Honda has announced plans for a U.S. manufacturing location as it partners with LG to produce batteries for EVs.
The Japanese car manufacturer is looking to move some of its operations to the U.S. Honda Motor Co. and South Korean company LG Energy Solution Ltd. plan to invest $4.4 billion as they construct a new battery plant.
Construction on the new facility is set to start in early 2023. The manufacturing facility will be fully operational by 2025 and will have a 40 gigawatt-hours annual capacity.
Honda will invest $1.7 billion, giving it a 49% stake in the plant. The new facility will be set up to produce batteries for the Honda and Acura electric vehicles (EVs).
No location for the plant has been officially announced, though it seems likely Ohio is a prime candidate. Honda already has manufacturing facilities in the state, Bloomberg reports.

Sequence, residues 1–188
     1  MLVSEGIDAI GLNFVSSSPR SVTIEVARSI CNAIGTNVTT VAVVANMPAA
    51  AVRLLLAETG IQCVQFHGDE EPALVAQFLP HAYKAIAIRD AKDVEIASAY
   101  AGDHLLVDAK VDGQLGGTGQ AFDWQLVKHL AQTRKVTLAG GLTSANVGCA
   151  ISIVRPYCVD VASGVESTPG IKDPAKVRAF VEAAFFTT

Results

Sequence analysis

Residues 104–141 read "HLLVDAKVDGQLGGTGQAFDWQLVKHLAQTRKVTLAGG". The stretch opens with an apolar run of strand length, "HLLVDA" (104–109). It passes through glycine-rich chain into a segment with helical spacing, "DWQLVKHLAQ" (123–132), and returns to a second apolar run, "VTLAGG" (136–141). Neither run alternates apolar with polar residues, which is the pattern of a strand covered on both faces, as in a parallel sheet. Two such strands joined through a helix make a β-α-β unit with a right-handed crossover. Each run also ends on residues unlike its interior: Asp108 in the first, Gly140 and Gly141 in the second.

Honda’s plans to go all eclectic are aggressive. The company has plans for 30 new models over the next decade, a $36 billion investment.
Why it’s news
Honda’s current plan is to phase out gas-powered vehicles from their line up by 2040. Honda and LG working together to phase out gas powered vehicles is part of a larger trend to push EVs.
California has plans to go all electric by 2035, a move that would likely push more states to do the same.
Europe and some parts of China have plans to phase out gas-powered vehicles by 2030.
European car companies Fiat, Chrysler Europe, and Bentley plan to phase out production of gasoline vehicles in line with Europe’s plans to go electric.
General Motors’ schedule has the company set to phase out the vehicles by 2035. Chrysler is on a more accelerated plan, aiming to retire the gas vehicles by 2028. Ford is currently planning on 40% electric vehicle sales by 2030, Fortune reports.
Backing up a bit
Honda isn’t the only automaker looking to set up shop in the U.S. The battery manufacturer for Tesla, Panasonic, is looking to invest around $4 billion in a plant in the U.S. Other Korean battery manufacturers are also looking to establish several battery plants for General Motors, Stellantis, and Ford, Bloomberg reports.
The newly signed Inflation Reduction Act may have something to do with that trend. The new law incentivizes EVs to be assembled in the U.S. through a tax credit and limits an auto manufacturer’s dependence on China.